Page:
Your Enterprise, With Improved Data Retention Policies

Topics: Data Archive

Having a comprehensive data plan is important to meeting federal and state compliance regulations.

It's a modern-day conundrum: Federal and state regulations compel the healthcare, pharmaceuticals and financial service industries, among other segments, to create more electronic documentation—and to keep this documentation longer.

Then of course, you're faced with a second challenge: How can your enterprise guarantee quick and easy access to specific data and files, without adding to the bottom line?

How's Your Data Retention "Plan A" Doing?

The key is to craft and implement an effective data retention plan.

Most companies recognize this and are increasing their efforts, but success requires going beyond having policies that reflect regulatory guidelines. To succeed, company data retention plans must actually boost adherence to the policies throughout the enterprise.

According to Symantec's most recent Information Retention and eDiscovery Survey:

  • 60 percent of companies have developed a formal retention plan.
  • Only 34 percent of the same respondents say their plans are fully operational
  • While respondents received an average of 17 requests for electronically stored information, they failed to deliver on those data retrieval requests 31 percent of the time.

Why has it become so difficult to retrieve what you need, when you need it? Often, an enterprise makes at least one of these mistakes:

1)Abusing the "Safe is better than sorry" approach.

Companies often retain more data in long-term archiving than they are even required to by law. As a result:

  • 54 percent of the Symantec survey respondents say that their firms have incurred higher costs.
  • 47 percent spend more time than necessary collecting, reviewing, and analyzing data.

2)Holding information too long.

Companies may identify the right data for long-term storage, but then drop the ball on how the laws affecting their type of business affect that data's lifecycle. So they cling to information they could have (safely and securely) destroyed months or years ago.

3)Keeping data in the wrong place.

Does your enterprise maintain a well-managed tape backup system—a necessity for recovery after an outage or a disaster? That's great, but don't confuse that with a long-term data archive. Some organizations do just that, and when it comes time to find what they need, it's not there, or it takes a long time to retrieve.

Five Best Practices for Data Retention

Fortunately, you can solidify your data retention—and future-proof your business—by applying these best practices:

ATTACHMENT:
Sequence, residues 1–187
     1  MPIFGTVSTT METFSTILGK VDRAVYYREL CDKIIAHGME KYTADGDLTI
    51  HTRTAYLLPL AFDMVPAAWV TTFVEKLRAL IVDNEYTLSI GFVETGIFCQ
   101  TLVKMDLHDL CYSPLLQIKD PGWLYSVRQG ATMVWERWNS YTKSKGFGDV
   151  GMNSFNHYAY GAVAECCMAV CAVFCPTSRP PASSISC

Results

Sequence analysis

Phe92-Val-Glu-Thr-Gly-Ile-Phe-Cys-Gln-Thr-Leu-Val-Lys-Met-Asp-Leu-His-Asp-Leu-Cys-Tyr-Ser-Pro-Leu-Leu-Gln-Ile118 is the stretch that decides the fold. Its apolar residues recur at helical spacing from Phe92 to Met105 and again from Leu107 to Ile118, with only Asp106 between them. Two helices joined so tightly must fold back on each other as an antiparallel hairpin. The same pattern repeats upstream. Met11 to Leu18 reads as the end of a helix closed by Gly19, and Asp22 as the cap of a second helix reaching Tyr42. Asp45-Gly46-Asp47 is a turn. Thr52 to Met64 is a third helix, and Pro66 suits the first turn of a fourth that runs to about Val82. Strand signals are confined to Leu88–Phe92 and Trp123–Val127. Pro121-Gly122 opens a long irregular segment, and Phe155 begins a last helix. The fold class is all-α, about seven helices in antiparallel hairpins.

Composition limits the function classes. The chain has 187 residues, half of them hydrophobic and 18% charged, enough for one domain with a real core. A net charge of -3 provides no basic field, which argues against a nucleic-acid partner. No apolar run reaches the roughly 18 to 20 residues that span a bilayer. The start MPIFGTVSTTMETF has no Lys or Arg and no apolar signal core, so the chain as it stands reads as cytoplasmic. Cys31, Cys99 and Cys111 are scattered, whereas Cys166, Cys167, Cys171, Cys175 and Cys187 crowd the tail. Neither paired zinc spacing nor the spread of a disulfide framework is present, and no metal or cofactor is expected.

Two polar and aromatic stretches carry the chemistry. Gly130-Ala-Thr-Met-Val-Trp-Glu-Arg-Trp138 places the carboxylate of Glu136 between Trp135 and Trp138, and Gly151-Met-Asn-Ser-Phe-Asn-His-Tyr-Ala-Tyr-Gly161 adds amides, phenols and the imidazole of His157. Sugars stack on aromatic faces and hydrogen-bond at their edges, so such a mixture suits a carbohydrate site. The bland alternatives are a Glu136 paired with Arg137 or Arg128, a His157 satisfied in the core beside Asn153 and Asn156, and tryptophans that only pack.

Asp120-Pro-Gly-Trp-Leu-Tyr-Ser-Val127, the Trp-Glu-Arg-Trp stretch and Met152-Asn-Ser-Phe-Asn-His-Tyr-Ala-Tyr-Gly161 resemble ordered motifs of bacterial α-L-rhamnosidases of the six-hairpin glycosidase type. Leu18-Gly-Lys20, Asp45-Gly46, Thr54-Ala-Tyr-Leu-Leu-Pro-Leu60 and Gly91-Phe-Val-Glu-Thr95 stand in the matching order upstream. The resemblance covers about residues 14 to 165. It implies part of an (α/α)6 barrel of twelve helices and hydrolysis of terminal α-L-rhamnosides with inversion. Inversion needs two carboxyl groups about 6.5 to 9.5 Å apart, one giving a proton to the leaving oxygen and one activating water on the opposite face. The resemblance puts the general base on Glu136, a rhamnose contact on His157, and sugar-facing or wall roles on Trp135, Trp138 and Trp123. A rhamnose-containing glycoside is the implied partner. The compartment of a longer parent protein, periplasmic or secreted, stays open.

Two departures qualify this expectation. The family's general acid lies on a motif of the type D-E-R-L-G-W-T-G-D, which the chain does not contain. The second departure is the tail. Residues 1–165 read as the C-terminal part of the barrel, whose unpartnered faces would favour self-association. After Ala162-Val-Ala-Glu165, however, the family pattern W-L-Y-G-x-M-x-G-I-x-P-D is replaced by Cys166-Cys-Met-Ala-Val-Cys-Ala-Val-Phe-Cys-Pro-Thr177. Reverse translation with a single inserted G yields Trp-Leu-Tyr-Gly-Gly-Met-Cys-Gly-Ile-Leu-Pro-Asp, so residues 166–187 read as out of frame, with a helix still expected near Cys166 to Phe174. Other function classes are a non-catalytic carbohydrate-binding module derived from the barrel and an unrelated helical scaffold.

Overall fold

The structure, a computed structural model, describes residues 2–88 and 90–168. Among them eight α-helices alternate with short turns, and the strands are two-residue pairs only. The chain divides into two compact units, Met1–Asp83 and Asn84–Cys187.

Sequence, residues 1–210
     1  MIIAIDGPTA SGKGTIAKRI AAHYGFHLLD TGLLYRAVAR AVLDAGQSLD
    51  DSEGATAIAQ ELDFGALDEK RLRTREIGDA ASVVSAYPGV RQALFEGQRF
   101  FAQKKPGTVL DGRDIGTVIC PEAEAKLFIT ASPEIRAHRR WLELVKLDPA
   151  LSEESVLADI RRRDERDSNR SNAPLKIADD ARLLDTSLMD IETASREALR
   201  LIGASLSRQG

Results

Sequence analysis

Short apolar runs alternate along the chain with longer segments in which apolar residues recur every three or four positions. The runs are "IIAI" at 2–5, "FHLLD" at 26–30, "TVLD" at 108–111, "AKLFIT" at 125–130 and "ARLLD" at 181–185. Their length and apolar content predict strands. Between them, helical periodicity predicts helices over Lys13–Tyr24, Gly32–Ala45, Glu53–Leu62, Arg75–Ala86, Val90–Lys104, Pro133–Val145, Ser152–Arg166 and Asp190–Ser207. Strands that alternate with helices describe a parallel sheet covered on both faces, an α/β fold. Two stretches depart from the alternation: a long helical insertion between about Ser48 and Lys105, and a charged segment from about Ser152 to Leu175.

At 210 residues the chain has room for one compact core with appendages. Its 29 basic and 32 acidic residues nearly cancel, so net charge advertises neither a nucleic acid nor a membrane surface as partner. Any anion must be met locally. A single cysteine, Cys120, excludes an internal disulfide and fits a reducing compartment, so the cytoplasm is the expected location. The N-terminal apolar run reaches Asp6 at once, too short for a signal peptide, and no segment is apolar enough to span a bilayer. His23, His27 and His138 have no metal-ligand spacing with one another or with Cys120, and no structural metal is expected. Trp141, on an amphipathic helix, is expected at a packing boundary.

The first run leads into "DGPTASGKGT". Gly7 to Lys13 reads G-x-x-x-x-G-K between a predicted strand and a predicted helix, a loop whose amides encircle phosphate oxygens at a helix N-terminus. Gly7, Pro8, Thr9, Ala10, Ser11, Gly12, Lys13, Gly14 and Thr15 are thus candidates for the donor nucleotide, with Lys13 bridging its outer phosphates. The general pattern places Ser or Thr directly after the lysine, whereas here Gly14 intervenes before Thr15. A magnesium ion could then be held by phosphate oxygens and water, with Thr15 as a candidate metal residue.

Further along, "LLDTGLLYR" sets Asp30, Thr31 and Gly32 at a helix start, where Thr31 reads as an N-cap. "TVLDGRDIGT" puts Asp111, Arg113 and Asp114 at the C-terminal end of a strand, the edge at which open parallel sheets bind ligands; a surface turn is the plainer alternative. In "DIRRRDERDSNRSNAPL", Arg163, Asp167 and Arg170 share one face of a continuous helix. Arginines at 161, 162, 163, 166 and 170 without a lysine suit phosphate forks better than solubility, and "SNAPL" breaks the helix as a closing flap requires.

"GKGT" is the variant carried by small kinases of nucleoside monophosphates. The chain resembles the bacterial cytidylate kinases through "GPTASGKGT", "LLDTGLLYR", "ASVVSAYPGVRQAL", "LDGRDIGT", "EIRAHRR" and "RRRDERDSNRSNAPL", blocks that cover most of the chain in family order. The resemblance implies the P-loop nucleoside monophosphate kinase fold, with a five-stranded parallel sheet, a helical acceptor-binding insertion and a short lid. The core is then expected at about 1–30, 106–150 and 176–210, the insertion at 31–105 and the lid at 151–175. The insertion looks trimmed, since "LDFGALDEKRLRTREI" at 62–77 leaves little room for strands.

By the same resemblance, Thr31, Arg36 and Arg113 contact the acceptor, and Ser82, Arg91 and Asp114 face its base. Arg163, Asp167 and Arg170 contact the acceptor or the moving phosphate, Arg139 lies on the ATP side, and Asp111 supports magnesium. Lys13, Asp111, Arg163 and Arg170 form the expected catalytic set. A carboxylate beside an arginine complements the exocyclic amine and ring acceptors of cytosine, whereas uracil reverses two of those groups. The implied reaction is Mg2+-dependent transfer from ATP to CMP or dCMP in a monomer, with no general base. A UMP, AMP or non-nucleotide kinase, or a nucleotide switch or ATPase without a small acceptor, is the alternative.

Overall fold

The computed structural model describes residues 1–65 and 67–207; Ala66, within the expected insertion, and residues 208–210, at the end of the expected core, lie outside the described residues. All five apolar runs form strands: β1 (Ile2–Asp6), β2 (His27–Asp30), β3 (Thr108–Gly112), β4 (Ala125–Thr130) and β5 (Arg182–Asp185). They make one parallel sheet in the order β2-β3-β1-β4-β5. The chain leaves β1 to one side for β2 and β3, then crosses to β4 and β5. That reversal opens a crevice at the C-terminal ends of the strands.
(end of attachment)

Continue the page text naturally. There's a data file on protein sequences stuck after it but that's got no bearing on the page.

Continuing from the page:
#1: Know what you have.

Get all department heads at all locations to take stock of electronic and physical records potentially subject to regulatory, industry or legal compliance—including data on mobile devices and on external storage drives. Make sure you are complying with retention guidelines for social media, instant messages, and videos—so nothing slips through the cracks.

#2: Organize data and set retention guidelines.

Practically as soon as you create it, organize your data according to retention guidelines and tag it with an ultimate expiration date. Be sure to automate the process of transitioning essential, active information into archived data. You can also automate the process of designating information for secure destruction.

#3: Review adherence to data retention policies.

It's not enough to have completely compliant retention and destruction guidelines. You must also monitor your enterprise's adherence to policies—and make alterations if problems surface. Standardize both policies and implementation across the enterprise.

#4: Create a hybrid storage strategy.

As data ages, move it to slower, less expensive storage media. Cloud archives are an option for data that may be needed promptly, but tape storage—offsite, in climate-controlled facilities—is safe, less expensive, and long lasting.

#5: Consolidate data.

Avoid getting bogged down by incompatible formats. Employ data migration to arrange the data in a unified format on new storage systems.

Once you've established unified policies—and implementation—across the enterprise, you're well positioned to handle data efficiently and dispose of data no longer needed.

Do you have questions about data management? Read additional Knowledge Center stories on this subject, or contact Iron Mountain's Data Management team. You'll be connected with a knowledgeable product and services specialist who can address your specific challenges.


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